Digging in to Long Island's soul food scene

Fried chicken with red velvet waffles served with warm syrup and whipped butter at Carolyn's Southern Comfort Cuisine in East Meadow.

When Victor Hickson rolls his flame-colored food truck into the parking lot of Home Depot in Coram every Saturday, he parks it right in the center of the lot, fires up the fryer and readies trays of smoked chicken and brisket, candied yams and collard greens. Then he opens his takeout window.

The line forms quickly — for plates of sticky barbecue ribs, the pork pulling easily from the bone, or peppery fried chicken wings with sides such as mac-and-cheese the texture of velvet.

Fried fish and home-made iced tea at Vic's Heart N Soul...

Fried fish and home-made iced tea at Vic's Heart N Soul Food Truck. Credit: Raychel Brightman

“What’s not in it,” jokes Hickson when asked the components of the latter, before rattling off a list of at least seven cheeses, including gouda and cheddar, that distinguish the version he sells from Vic’s Heart N Soul Food Truck.

Hickson launched his truck in early June, part of a soul-food boomlet that had been taking shape on Long Island since the winter. That is, until COVID-19 swept Long Island this spring and battered the restaurant industry. Until then, soul food — a cuisine shaped and continuously reshaped by African Americans — seemed headed toward a local heyday, with chefs putting new twists on the fried chicken, ribs and sweet-potato pudding long associated with the cuisine. Long-standing places such as Mista’s Takeout in Roosevelt were busy, and newcomers such as Carolina Kitchen in Medford (opened in January) and Carolyn’s Southern Comfort Cuisine in East Meadow (opened in February) had joined the scene.

Only one of those three businesses is currently open. Carolina Kitchen remains closed, and Mista's recently reopened for two days a week. For all, the sense of soul food-as-a-calling remains strong.

“Soul food is the original comfort food. It’s like a hug,” said Cheryl Grigg, the buoyant chef-owner of Chara’s Kitchen and Catering in Bellport. “It’s anything that makes you feel good, that you taste and then can’t speak after.”

Left: Cheryl Griggs, chef-owner of Chara’s Kitchen and Catering in Bellport, with her husband Emile Arthur-Ricketts and their son Ethan Ricketts. Top: Fried chicken at Chara’s Kitchen and Catering. Bottom: Cheryl Griggs fires up the shrimp for shrimp and grits at Chara’s Kitchen and Catering. Photo credit: Raychel Brightman

Grigg's fried chicken, marinated for 24 hours in seasoned buttermilk before being fried, certainly fits that bill. Tear into the gloriously crunchy exterior and you encounter meat so fall-apart tender that it could have been braised. To get some, though, you first need to find Chara’s, tucked away in the basement of Shiloh Temple Church of God in Christ. There, just barely visible from the two tables, the chef preps and cooks everything herself. “I’m a perfectionist,” she said. “If I wouldn’t eat it, I won’t serve it.”

Thirteen years ago, Grigg and her sister Thelma Varno founded Chara’s on Route 112 in Coram and named it after their mother, Cheryl Beatrice, who had recently died. “We had the idea to open a restaurant with all of her recipes,” said Griggs, 34. “That was how we would grieve.”

Their mother had once owned  a restaurant in Medford, Bea's Place, and that cooking DNA passed to Grigg — though it took her a little while to realize it. ”I didn’t think it was what I wanted to do as a living,” she said. “I went to school for a lot of things — I was in school for business management, I went to school for nursing. I didn’t realize I wanted to cook until after she passed.”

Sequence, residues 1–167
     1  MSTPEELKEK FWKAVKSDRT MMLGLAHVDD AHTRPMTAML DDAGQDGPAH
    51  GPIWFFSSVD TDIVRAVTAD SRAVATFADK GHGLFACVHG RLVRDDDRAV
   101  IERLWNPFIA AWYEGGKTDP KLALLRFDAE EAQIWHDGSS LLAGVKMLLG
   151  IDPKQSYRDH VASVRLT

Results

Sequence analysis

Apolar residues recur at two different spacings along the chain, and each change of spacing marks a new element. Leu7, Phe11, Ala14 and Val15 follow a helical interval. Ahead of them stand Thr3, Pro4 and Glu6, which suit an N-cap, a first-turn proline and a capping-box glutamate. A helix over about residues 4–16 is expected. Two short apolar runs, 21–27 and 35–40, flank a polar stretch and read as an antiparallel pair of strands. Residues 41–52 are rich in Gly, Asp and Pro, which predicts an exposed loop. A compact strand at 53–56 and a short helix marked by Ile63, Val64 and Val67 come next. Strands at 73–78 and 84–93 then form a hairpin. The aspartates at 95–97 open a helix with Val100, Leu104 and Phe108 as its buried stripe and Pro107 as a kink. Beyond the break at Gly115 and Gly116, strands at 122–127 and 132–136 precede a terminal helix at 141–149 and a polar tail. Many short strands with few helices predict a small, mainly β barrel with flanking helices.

Many soul food dishes, such as candied sweet potatoes, boiled greens and dirty rice, can be traced to the South, back through slavery and to West Africa, or sometimes Europe. The iconic American dish mac-and-cheese, for instance, has European roots but was perfected by enslaved Black chefs, namely brothers James and Peter Hemings, chefs for Thomas Jefferson at Monticello (James Hemings accompanied Jefferson to Paris, where he trained in French cooking, and Peter Hemings was also an accomplished brewer).

These dishes and recipes have been handed down through families, and are constantly evolving. Grigg took her mother’s recipes for mac-and-cheese, as well as candied yams, smothered cabbage, and yeast rolls, and imposed her own style.

Grigg also re-engineered some dishes for vegetarians. For instance, her grits — a dish milled from white corn, and typically cooked with lots of butter — can come fattened with cheddar, but she also makes a vegan version with coconut milk and dairyless butter.

An hour or so away, at Carolyn’s Southern Comfort Cuisine, J. Carolyn Thompson has a similar commitment to all kinds of eaters. At Carolyn's, which she opened in East Meadow in February, there are three fryers — one each for meat, fish and vegetables. “People change their diets, and I want people to come in here and don’t want them to say, ‘there’s nothing for me to eat,’” said Thompson, who herself gave up pork years ago. 

J. Carolyn Thompson opened her soul food restaurant, Carolyn's Southern Comfort Cuisine in East Meadow, amid the coronavirus shutdown. Credit: Newsday / Rachel Brightman

Thompson grew up in Uniondale and spent summers in Great Neck, where she learned to cook from the women of her family (her mother, aunt and grandmother, whose roots were in South Carolina). As an adult, Thompson began to refashion those family recipes. “I started tweaking things to my own liking, and experimenting with different spices,” she said, such as adding garlic to meat, much to her mother’s chagrin.

As she became a nurse and raised two children, the urge to cook never dissipated. “I remember one day standing on the nursing unit and thinking, ‘I know there’s more to life,’” she said.

In 2014, Thompson opened Carolyn’s Cuisine in Amityville, a takeout spot showcasing her Southern-style dishes, from fried chicken and meatloaf; she closed it three years later due to slow business in the village.

Thompson used the next few years to earn her MWBE (Minority Woman Business Enterprise) certificate, boost her catering business and scour the Island for a more high-profile spot — which she eventually found in a former gyro shop in East Meadow. It had a dining room and a bar, which she had lacked in Amityville, and before coronavirus hit — just a few weeks after she opened — Thompson was planning a schedule of live music and eventual addition of beer and wine.

She initially closed for two weeks in March, but reopened for curbside delivery, with her daughter, Shakilah Kennedy, helping in the kitchen and her son, Jordan Thompson, helping out front; Thompson also began cooking trays of food for the staff of two hospitals. “You feel so helpless, and I wanted to do something,” said the former nurse.